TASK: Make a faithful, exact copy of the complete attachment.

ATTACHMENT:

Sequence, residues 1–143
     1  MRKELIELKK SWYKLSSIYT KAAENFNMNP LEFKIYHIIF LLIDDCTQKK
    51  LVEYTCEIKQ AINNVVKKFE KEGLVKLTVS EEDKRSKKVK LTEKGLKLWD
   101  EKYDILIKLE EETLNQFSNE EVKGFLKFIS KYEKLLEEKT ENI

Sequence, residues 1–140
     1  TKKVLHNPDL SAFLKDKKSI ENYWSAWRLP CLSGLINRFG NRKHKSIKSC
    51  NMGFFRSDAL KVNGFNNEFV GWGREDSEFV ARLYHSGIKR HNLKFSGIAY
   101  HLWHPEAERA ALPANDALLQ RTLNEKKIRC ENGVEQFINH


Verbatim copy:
Sequence, residues 1–143
     1  MRKELIELKK SWYKLSSIYT KAAENFNMNP LEFKIYHIIF LLIDDCTQKK
    51  LVEYTCEIKQ AINNVVKKFE KEGLVKLTVS EEDKRSKKVK LTEKGLKLWD
   101  EKYDILIKLE EETLNQFSNE EVKGFLKFIS KYEKLLEEKT ENI

Sequence, residues 1–140
     1  TKKVLHNPDL SAFLKDKKSI ENYWSAWRLP CLSGLINRFG NRKHKSIKSC
    51  NMGFFRSDAL KVNGFNNEFV GWGREDSEFV ARLYHSGIKR HNLKFSGIAY
   101  HLWHPEAERA ALPANDALLQ RTLNEKKIRC ENGVEQFINH